The Scarlet Letter

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ENG 102

What lies beneath?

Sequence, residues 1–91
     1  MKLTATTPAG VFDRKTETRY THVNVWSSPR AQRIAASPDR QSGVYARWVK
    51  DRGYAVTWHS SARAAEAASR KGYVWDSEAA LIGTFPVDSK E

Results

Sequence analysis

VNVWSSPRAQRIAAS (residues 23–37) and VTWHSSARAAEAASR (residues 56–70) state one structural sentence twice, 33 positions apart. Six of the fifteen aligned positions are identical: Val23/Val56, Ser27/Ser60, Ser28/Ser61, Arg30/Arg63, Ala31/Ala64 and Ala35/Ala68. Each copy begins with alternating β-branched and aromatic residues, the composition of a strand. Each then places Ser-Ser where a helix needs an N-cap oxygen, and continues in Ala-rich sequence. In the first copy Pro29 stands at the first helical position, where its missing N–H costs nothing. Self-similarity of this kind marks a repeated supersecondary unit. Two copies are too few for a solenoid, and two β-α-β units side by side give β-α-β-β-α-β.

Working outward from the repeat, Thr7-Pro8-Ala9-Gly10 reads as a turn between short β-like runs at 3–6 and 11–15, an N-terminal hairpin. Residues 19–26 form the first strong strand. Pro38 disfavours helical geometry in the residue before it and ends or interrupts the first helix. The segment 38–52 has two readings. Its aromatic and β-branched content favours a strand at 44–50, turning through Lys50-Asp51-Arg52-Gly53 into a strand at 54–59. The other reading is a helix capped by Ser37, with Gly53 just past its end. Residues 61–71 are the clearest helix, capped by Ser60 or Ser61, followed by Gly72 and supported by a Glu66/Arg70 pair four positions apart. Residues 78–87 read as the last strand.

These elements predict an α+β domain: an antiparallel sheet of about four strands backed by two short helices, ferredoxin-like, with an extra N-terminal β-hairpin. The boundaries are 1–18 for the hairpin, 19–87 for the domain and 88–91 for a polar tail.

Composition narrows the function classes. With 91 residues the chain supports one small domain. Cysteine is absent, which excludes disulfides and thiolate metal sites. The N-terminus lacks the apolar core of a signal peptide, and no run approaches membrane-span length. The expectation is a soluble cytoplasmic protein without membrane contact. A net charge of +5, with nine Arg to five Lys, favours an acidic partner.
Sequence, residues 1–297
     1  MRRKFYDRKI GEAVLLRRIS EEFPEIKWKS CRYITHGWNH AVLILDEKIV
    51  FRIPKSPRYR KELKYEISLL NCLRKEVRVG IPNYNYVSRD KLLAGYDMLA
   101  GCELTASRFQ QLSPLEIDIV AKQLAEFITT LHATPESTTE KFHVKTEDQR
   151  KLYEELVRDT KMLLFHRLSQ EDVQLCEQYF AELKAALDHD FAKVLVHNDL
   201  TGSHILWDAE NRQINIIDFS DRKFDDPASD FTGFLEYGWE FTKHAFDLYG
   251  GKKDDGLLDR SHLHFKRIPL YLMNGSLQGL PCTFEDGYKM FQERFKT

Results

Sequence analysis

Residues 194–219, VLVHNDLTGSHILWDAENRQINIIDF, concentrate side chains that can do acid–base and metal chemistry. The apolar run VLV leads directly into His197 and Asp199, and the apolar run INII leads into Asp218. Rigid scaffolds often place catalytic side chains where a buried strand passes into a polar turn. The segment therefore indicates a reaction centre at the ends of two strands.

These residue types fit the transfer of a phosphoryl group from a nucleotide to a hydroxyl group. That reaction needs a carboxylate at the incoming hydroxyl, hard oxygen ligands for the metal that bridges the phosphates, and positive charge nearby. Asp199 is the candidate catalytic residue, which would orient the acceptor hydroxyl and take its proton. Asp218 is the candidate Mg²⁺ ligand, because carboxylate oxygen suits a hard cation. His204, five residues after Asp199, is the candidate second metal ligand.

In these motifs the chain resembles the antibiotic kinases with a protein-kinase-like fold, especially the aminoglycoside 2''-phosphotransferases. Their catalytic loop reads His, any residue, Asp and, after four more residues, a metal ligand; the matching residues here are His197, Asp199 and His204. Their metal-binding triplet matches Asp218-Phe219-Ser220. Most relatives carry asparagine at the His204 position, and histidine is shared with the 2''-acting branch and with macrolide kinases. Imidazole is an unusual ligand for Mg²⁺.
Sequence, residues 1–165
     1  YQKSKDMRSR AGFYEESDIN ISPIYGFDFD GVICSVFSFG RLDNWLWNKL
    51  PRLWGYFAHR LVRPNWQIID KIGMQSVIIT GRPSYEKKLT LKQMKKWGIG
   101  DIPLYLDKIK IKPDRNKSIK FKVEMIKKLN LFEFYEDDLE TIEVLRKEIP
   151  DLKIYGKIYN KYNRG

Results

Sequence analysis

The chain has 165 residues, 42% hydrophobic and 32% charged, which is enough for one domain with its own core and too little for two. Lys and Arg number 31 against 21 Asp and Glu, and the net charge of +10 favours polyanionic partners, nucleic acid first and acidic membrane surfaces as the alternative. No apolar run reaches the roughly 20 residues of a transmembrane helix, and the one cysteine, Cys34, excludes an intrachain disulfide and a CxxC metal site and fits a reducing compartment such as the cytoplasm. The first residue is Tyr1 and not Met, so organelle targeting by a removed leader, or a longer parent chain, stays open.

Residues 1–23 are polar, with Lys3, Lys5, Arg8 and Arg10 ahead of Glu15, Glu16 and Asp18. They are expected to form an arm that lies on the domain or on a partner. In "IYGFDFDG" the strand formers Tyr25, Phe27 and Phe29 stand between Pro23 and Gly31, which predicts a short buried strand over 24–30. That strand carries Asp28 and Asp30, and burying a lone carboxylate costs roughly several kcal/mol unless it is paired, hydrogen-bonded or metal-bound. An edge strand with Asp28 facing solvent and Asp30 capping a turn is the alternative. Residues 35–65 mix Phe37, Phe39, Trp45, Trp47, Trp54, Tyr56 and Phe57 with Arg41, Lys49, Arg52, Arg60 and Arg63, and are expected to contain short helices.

Nathaniel Hawthorne employs varying levels of symbolism in The Scarlet Letter to convey his messages about sin, guilt, women’s liberation, and the definition of love. Hawthorne relied on personal experience and convictions to support these ideas. Many of the thoughts and symbols are thought to be traced back to Hawthorne’s childhood and even into his early adulthood. He is haunted by his past and the guilt from the fact that he descended from Colonel John Hawthorne, one of the judges in the Salem witchcraft trials of 1692. He even changes his last name by adding the “W” to even further distance himself from his ancestors. How Hawthorne weaves the guilt from his past into the book is brought to the surface by John E. Hart in his thesis “The Scarlet Letter – One Hundred Years After.” Hart states “Hawthorne seems to have drawn the attitudes expressed by these two characters from his own experience” (Hart 97). Hawthorne feels hatred for his past, even though those acts were not of his own doing. He carries his shame in silence, much like Dimmesdale did in the book. The story of The Scarlet Letter is told through the eyes of a narrator. Did Hawthorne use this method as a way to set forth his own views and values of the society of his day? In the attic of the Custom House, the narrator finds the scarlet letter accompanied by the story of the letter. Note that the scarlet letter has survived hundreds of years after Hester Prynne and the Puritans have perished. The symbol endures even after those who created it have vanished (Hawthorne 30-32). Did Hawthorne want to show that even over time the consequences of one’s actions or sins will be forever known much like his past? The narrator describes the rose bush as sitting on the threshold of the story he plans to tell. He then plucks one of the rose blossoms and offers it to the reader. He describes the gesture and the blossom as a symbol of the moral that the reader might learn in reading his “tale of human frailty and sorrow” (Hawthorne 48). One moral of The Scarlet Letter is that people must accept and forgive their own and other people’s worst qualities. To deny those qualities, as the Puritans did, is to deny one’s identity. The Puritans, who are supposed to be opposed to sin, actually thrive on it and are fascinated by the punishment of these “sins.” This separates them from the sinner and makes them feel superior. Hawthorne had some of the same feelings or alienation as Hester because of his financial difficulties, which left him no choice but to borrow money from a friend. Hubert H. Hoeltje tells us in “The Writing of The Scarlet Letter,” that “these embarrassments were the more irksome as they became the subject of public gossip” (6). Hawthorne would feel the same disdain towards the man who started the gossip as Hester would towards the town folk who bestowed the gossip and accusations of her situation. Hawthorne carried his own scarlet letter, but instead of an “A” for Adultery, he wore a “P” for Poverty. The letter is meant to shame Hester, but she takes her own spin on the punishment. On her chest, Hester wears a scarlet letter “A,” embellished with beautiful embroidery that strikes some women in the crowd as inappropriate. The narrator describes the letter in detail, noting that its “fertility” and “gorgeous luxuriance” pushed it beyond the Puritans’ boundaries of acceptable dress. By embroidering the letter, Hester transforms a badge of shame into a symbol of individuality. (Hawthorne 53).” The narrator connects the scarlet letter to nature with the word “fertile.” Many people of the town want to punish Hester for her crime, but in fact, the plan backfires. She becomes more isolated as she moves to the outskirts of town. Her sin drives her to isolation, but at what cost? Hester takes this isolation and becomes even stronger than she was before her conviction. The same people that still shun her after three years now employ her as a...
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